U.S. Payroll to Population Rate 43.9% in February
Monday, March 9th, 2015
The U.S. Payroll to Population employment rate (P2P), as measured by Gallup, was 43.9% in February. This is statistically similar to the 44.1% measured in January, but it is the highest measurement of P2P for any February since Gallup began tracking the metric daily in 2010. February is typically one of the lowest months for P2P in any year, and the downward trend over the past few months fits the normal seasonal pattern.
Gallup's P2P metric tracks the percentage of the U.S. adult population aged 18 and older who are employed by an employer for at least 30 hours per week. P2P is not seasonally adjusted. The latest results are based on Gallup Daily tracking interviews with 26,843 Americans, conducted Feb. 2-28 by landline telephone and cellphone. Gallup does not count adults who are self-employed, work fewer than 30 hours per week, who are unemployed or are out of the workforce as payroll-employed in the P2P metric.
Workforce Participation Continues Growth to 67.0%
Workforce participation among U.S. adults rose slightly from 66.7% in January to 67.0% in February. Workforce participation measures the percentage of adults aged 18 and older who are working, or who are not working but are actively looking for work and are available for employment.
Since February 2010, the workforce participation rate has ranged narrowly between lows of 65.8% and highs of 68.5%, but since mid-2013 has most often registered at or below 67%. Rising workforce participation may be a sign of improving labor market expectations among Americans who would prefer to be working but have refrained from even looking for work. While Gallup only began recording this metric in January 2010, Bureau of Labor Statistics numbers show that labor force participation before the 2008 financial crisis was three percentage points higher than it is today, and has yet to recover from that initial decline.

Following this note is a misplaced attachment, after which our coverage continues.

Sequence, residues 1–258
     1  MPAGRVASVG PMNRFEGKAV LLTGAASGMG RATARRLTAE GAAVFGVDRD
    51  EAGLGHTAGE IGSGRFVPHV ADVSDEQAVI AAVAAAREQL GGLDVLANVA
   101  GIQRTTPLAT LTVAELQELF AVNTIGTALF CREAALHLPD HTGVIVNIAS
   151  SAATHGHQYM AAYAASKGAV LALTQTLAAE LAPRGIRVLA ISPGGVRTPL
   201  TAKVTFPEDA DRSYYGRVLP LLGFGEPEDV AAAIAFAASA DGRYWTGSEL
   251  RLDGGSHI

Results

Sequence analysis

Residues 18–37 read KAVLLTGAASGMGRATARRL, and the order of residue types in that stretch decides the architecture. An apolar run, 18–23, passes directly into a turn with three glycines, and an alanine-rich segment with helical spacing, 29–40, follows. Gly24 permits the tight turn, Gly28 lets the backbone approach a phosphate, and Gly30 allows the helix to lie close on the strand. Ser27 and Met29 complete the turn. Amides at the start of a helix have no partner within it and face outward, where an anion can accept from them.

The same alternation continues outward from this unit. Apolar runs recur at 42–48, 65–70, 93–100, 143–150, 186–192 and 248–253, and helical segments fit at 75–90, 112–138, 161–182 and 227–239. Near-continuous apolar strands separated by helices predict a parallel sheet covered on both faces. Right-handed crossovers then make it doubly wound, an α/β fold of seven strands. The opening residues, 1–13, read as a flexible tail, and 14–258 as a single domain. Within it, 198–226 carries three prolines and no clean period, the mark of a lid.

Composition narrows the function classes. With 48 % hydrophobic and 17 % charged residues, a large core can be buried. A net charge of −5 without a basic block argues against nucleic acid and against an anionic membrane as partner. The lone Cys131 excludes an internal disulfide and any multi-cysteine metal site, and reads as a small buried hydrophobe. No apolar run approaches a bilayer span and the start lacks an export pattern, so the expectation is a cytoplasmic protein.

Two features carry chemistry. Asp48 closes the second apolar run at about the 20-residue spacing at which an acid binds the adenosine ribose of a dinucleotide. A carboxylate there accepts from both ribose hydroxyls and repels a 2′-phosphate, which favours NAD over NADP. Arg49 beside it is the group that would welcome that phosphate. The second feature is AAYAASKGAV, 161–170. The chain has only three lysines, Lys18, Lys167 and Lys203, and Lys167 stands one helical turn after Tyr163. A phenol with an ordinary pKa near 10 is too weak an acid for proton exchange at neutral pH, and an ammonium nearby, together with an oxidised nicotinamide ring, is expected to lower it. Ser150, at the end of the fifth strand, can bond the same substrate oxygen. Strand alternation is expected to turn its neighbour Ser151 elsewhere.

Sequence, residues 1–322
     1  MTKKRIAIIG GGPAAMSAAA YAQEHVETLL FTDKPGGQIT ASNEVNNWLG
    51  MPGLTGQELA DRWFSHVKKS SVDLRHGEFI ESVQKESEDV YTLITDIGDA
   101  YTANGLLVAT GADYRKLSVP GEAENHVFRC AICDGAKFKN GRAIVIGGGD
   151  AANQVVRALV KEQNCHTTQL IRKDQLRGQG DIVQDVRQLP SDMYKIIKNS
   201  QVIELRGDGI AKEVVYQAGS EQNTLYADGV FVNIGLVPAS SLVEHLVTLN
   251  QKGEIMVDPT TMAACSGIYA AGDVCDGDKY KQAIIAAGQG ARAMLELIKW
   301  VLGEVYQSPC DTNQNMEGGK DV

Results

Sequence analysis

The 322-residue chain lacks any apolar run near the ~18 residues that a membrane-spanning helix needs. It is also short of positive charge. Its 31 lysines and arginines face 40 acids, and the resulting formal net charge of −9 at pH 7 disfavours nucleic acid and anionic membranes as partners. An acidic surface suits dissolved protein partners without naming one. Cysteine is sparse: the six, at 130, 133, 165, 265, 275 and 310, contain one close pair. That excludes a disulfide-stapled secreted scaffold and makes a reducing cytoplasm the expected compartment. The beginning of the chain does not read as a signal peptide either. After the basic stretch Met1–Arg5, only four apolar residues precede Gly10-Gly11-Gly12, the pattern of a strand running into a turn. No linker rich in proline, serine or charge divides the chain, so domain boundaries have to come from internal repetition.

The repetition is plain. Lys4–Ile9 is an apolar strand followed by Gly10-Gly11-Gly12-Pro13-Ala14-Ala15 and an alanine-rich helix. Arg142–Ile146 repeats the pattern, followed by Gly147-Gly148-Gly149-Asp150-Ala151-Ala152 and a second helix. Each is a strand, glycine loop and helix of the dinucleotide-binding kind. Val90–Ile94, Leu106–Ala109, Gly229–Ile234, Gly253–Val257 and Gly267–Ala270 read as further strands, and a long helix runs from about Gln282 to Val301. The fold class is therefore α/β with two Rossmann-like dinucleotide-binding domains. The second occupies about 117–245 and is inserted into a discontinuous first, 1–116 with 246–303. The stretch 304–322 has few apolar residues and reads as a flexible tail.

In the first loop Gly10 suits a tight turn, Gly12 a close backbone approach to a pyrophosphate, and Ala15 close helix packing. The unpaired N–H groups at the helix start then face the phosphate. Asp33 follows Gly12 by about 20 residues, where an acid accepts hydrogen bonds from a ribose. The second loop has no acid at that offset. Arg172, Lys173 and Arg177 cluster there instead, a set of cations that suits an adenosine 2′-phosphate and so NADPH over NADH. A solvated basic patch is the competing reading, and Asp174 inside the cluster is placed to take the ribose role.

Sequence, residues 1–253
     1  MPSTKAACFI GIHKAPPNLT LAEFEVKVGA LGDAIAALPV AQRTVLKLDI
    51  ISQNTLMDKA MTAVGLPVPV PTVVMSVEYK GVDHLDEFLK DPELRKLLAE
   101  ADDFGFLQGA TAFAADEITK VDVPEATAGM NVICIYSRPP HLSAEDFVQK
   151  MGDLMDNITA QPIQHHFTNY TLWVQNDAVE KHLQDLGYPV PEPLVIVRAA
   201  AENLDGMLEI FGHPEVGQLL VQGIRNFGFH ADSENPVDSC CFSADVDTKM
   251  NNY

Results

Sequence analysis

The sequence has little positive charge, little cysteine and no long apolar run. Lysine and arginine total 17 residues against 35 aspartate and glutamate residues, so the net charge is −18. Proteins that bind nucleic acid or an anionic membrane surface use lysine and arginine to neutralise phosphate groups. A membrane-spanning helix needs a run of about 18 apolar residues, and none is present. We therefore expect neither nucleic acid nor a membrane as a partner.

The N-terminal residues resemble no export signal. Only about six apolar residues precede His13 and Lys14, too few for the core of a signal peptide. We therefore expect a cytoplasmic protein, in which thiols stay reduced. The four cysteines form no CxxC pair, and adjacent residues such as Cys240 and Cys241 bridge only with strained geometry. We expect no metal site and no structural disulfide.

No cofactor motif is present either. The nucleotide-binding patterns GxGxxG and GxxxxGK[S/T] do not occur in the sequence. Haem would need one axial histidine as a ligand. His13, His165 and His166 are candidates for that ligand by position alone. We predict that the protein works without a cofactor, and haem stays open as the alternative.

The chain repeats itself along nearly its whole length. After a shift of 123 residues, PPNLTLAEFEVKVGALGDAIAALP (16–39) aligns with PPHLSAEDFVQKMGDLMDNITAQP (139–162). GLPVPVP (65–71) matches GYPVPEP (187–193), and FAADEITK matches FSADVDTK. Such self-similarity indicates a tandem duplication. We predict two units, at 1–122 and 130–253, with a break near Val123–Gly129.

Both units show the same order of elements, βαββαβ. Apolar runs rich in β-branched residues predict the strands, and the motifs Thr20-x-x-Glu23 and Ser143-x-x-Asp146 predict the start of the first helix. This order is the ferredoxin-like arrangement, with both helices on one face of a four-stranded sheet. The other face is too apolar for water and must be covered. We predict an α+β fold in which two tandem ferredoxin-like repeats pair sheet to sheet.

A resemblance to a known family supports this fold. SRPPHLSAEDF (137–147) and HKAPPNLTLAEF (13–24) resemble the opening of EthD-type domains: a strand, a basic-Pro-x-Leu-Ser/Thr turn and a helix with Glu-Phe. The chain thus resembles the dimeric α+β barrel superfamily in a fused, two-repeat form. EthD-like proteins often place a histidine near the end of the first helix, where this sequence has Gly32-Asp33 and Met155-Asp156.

Unemployment Down to 6.7%
Gallup's U.S. unemployment rate represents the percentage of adults in the workforce who did not have any paid work in the past seven days, for an employer or themselves, and who were actively looking for and available to work. Gallup's unadjusted U.S. unemployment rate fell 0.4 points to 6.7% in February, similar to the 0.6-point fall in February 2014.
Unlike Gallup's P2P rate, which is a percentage of the total population, traditional employment metrics -- such as the unemployment rates Gallup and the U.S. Bureau of Labor Statistics (BLS) report -- are based on the percentage of the workforce. While both Gallup and BLS data are based on robust surveys, the two have important methodological differences. Additionally, the primary unemployment rate released by the BLS each month is seasonally adjusted. Although Gallup's employment numbers highly relate to BLS rates, Gallup's numbers tend to have more month-to-month variability, and the unemployment rate that the BLS reports each month does not always track precisely with the Gallup estimate.
Underemployment Up at 16.2%
Gallup's measure of underemployment in February is 16.2%, up from the level registered in January, but still lower than what Gallup has measured in prior years. Gallup's U.S. underemployment rate combines the percentage of adults in the workforce who are unemployed (6.7%) and those who are working part time but desire full-time work (9.5%). While Gallup's measure of unemployment fell in February, the percentage working part time but who want full- time work rose slightly faster at the same time, resulting in a 0.4-point increase in the underemployment rate.
Though P2P registered a nominal decline of 0.2 percentage points, 43.9% still represents a relatively strong P2P number for February and continues a trend of positive employment news. Similarly, the rise in underemployment this past month is also partly related to the rise in the number of Americans who were previously considered out of the workforce and who are now looking for new jobs. Though, admittedly, they would prefer to be working more than they currently are, these individuals are at least mobilized and engaged in some type of productive work. If the employment situation continues to strengthen over the next few months, more of these underused workers may join the ranks of the full-time employed.